3.1 Effectiveearthradius Modd Under standard or. normal conwions, a radio ray curves downward with a m ~ l r lcss than the earth's surfice. c TIRdectiveerthradius,~conccpt'~~~ the d s replaces true radius with a larger md~ussuch that the Elative curvature behkaen the my and the earth's surf;wr i s maintained and the ray bccomcs a straight line. For small elevation angles, this twLqormation accurately preserves angles, heights, a:d nn,:rs. and p t l y simplifies the compiitntions reqilirctl to dclcrminc pwing angles and path length differc:nces for spcclficd tcrminal lmtions. SOmctime~ e f k c t i v ~a r t h rdius is also Mcrred to h~ the the q w a l e n t e r h nditii 121. The effective e r h ndius a, at at and the effectiveearth ndius factor k are related by c, = ka (1) whcrr: U is the true c f i b ~ d i ~ka . be compded using can k = I /.I1 + fY(dV/dh)] (2)
where ritr/cth is the vcrticxl rcfnctive index gradient Using the mean e r h midila of 6371 km and a dracth'ity at gmticnt of39 Nntrn'givm 2 = 1.33 or about 4/3.
482
3.2 Fresnel ltdktmt C d i i e n t
The complex refleaion d i c i e n t for reflection of an eiedmrnagneticwave fimn a smooth surhce is giveen by the Fresnel reflection coefficient. A good description of the derivation of the following formulas is given by Reed and
RusseIl[ZJ.LetRbethernagni~andq,bethephaselag of the refleaion coe&cient and let the subscripts h and v refer to horii~ntaland vertical polarization, respectively. Then the Fresnel refleaion coefficients are given by
Rhe’pb =
MillerBrown Theory
sin y/

(3)
0.I
siny+JFZ&
a2
and
(asin &/A
Figure 1. Rough surface reflcction coefficient RIR,
iersus apparent Ocean roughness. where y is the p i n g angle and n’ is the square of Uw: refraaive index of the rcfleciing surface given by (5) n2 = E ,  i 6 O a l A in which 6 is the relative pemuttivity. Q is & conduaivity , in Ym, and A is radio wavelength in m. The electrical chiracteristics. +and U are functiors of radio fqucncy and E the tjpe of surfam. and can be determined from multiple sources. including a figure in lhc Recommendations and Reports of UIC CClR 131. Table 1 gives example valucs for both parameters for sea water at a tempcrature of 20 “C and average salinity for a fcw fquencia. where U is wind speed in meters pcr sccond. A very uscN and quite accurate approximation to (6) that does not quire computation of the rnodikd Besscl function is given by CClR 181 as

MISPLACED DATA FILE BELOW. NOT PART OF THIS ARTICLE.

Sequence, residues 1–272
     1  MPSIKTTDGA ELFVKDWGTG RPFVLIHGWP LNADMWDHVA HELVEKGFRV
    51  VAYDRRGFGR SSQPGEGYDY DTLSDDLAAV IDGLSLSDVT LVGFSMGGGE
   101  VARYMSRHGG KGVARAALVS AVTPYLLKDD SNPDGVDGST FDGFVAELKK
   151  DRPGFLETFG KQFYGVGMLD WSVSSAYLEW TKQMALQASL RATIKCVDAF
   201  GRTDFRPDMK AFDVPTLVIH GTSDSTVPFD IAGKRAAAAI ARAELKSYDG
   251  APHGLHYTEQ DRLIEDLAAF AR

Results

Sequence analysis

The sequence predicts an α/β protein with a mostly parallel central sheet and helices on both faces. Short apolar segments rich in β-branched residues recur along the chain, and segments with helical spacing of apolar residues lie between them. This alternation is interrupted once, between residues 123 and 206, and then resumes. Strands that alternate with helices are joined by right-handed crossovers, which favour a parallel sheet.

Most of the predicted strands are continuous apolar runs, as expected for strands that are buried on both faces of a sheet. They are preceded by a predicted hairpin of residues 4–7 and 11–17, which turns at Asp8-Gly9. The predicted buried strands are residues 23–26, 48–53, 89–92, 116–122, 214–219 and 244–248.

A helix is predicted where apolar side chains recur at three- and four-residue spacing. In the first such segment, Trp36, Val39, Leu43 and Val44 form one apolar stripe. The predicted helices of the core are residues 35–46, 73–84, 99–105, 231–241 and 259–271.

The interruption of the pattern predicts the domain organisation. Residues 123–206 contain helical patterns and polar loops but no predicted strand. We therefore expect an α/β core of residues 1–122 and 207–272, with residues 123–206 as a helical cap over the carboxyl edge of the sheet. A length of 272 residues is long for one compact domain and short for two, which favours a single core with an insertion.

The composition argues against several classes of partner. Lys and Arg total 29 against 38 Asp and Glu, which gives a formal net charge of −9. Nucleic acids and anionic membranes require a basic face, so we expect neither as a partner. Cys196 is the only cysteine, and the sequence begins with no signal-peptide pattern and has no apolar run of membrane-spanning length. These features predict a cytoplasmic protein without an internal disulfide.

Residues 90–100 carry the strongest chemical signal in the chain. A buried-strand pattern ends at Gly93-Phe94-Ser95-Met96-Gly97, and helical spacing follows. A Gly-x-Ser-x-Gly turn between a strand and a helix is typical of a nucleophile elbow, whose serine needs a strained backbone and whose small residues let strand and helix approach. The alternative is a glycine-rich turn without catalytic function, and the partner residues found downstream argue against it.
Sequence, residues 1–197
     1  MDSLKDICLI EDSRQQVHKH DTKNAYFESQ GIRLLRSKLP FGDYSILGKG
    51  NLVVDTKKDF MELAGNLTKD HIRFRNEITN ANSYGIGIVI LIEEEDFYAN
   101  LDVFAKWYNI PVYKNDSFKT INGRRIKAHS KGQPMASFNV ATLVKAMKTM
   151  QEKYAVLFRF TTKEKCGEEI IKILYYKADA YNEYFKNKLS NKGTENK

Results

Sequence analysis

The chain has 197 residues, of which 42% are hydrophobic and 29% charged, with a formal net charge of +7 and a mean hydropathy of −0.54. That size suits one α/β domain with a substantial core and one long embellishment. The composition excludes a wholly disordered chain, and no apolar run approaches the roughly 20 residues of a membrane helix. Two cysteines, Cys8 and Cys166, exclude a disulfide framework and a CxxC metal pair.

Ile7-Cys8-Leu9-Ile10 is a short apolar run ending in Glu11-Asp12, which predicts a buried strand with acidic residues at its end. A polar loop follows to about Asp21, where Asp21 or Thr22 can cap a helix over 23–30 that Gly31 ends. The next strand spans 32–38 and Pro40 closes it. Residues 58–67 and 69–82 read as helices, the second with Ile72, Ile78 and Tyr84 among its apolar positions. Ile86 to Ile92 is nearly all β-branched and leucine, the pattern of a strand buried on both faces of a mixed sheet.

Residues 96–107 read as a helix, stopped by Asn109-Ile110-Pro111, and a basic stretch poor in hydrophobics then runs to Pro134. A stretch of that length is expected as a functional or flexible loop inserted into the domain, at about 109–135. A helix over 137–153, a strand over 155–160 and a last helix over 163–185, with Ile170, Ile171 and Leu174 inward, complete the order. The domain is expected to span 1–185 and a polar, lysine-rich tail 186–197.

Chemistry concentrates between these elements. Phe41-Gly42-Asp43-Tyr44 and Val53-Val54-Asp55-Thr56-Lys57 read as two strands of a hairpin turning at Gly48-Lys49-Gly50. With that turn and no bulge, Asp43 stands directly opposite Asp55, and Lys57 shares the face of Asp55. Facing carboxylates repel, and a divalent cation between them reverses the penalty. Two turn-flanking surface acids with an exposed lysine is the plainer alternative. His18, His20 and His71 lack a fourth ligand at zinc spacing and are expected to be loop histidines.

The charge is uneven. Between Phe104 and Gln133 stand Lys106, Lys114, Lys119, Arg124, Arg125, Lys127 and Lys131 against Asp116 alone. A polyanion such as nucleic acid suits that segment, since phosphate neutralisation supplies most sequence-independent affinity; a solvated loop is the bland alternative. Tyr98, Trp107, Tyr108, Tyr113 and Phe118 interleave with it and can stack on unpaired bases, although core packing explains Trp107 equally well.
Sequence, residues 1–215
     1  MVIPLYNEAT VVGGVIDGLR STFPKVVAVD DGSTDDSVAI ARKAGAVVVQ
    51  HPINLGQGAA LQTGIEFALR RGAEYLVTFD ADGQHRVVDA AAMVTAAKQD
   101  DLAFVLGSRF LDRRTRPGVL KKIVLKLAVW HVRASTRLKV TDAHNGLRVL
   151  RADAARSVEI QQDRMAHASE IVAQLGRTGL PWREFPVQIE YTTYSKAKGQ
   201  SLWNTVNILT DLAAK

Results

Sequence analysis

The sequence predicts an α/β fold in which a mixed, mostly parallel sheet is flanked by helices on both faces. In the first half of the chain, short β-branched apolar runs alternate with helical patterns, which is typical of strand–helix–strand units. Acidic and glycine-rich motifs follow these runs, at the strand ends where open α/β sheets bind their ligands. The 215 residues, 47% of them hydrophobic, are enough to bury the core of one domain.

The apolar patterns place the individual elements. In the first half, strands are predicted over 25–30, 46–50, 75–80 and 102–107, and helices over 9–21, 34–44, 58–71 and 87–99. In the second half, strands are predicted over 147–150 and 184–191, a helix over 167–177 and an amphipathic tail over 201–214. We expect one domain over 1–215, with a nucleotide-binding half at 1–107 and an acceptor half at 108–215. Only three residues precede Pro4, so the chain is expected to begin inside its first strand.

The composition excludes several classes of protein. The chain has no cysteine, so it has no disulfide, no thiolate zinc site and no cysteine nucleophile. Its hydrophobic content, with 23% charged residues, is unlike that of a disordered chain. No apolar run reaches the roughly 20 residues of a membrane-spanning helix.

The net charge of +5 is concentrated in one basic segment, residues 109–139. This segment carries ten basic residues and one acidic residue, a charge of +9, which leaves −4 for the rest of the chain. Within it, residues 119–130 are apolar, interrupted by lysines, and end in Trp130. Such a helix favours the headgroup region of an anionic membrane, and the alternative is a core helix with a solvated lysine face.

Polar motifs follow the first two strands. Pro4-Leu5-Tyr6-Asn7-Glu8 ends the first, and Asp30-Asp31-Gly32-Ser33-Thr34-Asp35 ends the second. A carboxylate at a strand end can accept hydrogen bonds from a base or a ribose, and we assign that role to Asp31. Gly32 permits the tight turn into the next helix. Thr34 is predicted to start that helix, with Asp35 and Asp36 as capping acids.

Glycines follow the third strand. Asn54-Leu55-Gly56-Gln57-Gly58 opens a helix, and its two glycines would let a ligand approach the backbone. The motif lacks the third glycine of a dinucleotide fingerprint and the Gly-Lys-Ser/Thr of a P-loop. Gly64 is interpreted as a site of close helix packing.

R=b . 2x 2 +
1
Jm i
(9)
where x = 0.5 Figure I illusu;ttcs R versus R for boch b e Ament and MillerBrown h r i c s comparcd to the rncmremenls of Bmd.
2.
Table 1. Sample relative permittivity 6 and conductivity Q for sca water at 20 “C and avenge salinity. 3.3 MillerBrown Surface R6u’ghnessModel For reflection from a windroughened sea. the Fresnel reflection coefficient must be modified for the effects of surface roughness. The original theory was developed by Ament [4] and validated experimentally by B a r d IS], but a more recent model by Miller and Brown 161 has proven to be niQre complete and is given by R = R, enpt2(2nX)’] 1 , [ 2 ( 2 n ~ ) ~ ]
(6)
3.4 Diseqynce Factor A radio wave rcflcding olf thc spherical c~flh’ssurfxc at low grazing angles suffers a spreading loss due to divergence. The theory for this loss wils originally worked out by Van der Pol and Bremmcr [SI. h divergence factor Te D is defined as the ratio of the field strength obtained after tefledm from a smooth spherical surface to the field